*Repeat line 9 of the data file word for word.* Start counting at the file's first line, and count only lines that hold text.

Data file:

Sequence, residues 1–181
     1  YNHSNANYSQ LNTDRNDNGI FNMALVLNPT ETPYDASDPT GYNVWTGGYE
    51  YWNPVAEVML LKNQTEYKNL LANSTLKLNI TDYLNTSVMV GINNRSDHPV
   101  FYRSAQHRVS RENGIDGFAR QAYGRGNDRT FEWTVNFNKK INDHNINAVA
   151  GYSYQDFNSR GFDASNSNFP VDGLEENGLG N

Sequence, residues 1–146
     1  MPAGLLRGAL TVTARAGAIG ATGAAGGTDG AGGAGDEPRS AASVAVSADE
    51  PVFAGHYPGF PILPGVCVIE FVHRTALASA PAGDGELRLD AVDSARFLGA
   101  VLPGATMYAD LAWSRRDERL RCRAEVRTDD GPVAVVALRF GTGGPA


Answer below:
   101  VLPGATMYAD LAWSRRDERL RCRAEVRTDD GPVAVVALRF GTGGPA